Given the narrow scope of the individual income tax in the mid-1920s, this preference was of limited benefit to most Americans. It was not a benefit for the working class, since the working class didn’t pay income taxes in the first place; it was really a preference for the labor of hardworking lawyers, accountants, and doctors.
Still, the credit represented an important recognition that earned income deserved a break — in no small part because capital income already had one.
The 1920s brought forth not simply the capital gains preference but also a set of arguments to defend it. Both the preference and the arguments have survived to the present day.
And while the preference has undergone substantial change over time, the arguments have stayed largely consistent, focused on issues of lock-in, bunching, and inflation. Having served well as justification for creating the preference, they have also protected it during the later decades.
But during the first decade of existence, the capital gains preference didn’t need much protecting. It seemed to be broadly popular, or at least broadly tolerated; in any case, the Republican political ascendancy of the 1920s made it hard to challenge.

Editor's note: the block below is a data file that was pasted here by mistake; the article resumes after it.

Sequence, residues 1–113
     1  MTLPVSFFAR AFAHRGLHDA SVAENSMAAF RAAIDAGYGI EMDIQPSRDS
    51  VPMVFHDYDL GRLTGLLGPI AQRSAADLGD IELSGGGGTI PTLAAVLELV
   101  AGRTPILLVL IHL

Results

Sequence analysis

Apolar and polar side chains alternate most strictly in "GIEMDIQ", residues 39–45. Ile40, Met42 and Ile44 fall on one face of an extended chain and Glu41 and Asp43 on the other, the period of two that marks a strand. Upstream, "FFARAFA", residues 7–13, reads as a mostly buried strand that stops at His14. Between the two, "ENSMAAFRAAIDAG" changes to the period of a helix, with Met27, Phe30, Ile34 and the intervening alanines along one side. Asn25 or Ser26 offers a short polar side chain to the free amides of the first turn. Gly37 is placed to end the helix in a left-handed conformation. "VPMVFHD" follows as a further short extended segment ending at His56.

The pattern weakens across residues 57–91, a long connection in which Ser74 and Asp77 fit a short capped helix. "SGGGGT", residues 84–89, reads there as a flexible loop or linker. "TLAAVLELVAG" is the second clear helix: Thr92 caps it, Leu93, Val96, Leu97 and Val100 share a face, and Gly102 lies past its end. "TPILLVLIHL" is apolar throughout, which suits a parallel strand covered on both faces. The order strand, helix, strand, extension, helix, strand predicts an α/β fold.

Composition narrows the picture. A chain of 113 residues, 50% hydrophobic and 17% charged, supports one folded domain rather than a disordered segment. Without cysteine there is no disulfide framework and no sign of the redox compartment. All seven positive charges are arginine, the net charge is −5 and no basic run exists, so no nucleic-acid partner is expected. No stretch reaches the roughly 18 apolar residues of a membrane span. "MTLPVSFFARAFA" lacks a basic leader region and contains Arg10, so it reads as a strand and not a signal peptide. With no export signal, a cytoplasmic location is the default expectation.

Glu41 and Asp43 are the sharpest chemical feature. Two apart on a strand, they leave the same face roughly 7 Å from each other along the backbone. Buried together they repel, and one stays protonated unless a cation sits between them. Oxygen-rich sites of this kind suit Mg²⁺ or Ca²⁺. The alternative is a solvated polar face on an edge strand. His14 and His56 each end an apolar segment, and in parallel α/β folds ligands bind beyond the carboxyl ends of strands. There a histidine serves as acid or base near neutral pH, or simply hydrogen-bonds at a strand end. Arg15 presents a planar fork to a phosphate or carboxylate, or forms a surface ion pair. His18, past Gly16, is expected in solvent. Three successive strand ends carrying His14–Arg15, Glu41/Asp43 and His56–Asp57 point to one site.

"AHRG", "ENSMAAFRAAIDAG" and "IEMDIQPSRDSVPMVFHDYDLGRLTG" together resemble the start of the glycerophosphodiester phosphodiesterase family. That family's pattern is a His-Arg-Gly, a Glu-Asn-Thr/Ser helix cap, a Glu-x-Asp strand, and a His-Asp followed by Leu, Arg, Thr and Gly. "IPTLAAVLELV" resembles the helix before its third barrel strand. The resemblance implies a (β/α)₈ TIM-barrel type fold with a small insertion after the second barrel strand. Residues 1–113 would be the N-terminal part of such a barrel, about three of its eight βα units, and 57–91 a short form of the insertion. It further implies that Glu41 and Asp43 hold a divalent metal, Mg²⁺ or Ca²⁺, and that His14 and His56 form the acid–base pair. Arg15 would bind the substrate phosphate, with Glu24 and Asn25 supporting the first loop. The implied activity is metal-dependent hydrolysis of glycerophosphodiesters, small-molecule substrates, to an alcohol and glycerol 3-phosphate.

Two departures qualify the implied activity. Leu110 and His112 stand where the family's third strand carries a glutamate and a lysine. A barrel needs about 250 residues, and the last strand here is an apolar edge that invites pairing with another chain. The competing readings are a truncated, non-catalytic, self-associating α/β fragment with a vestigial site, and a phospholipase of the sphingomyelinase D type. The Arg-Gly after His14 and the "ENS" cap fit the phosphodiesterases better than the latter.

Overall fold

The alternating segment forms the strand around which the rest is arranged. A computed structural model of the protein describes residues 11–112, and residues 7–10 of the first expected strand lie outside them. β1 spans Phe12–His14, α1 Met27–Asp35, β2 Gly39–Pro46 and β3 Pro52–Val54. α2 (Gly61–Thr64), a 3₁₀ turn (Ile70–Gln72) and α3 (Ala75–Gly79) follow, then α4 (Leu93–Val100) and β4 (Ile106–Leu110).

But even in those years of its greatest security, the preference gave rise to an implicit challenge in the form of a second preference. The creation of the earned income preference in 1924 raised an issue of fairness that would increasingly threaten the capital gains preference, if only indirectly.
If progressive activists today are eager to “tax wealth like work,” it’s important to bear in mind that Mellon was framing issues in similar terms in 1924. We shouldn’t overstate the similarities: Mellon was no champion of progressive tax reform — far from it.
But he was toying with ideas that were more powerful — and perhaps more dangerous to his broader conservative tax program — than he realized at the time.
Tax experts would soon bolster their critique of the preference, and by the 1930s, it would be under direct attack from New Deal officials. While not rejecting the traditional arguments for the preference, those critics would counter them with fairness arguments that they considered more powerful.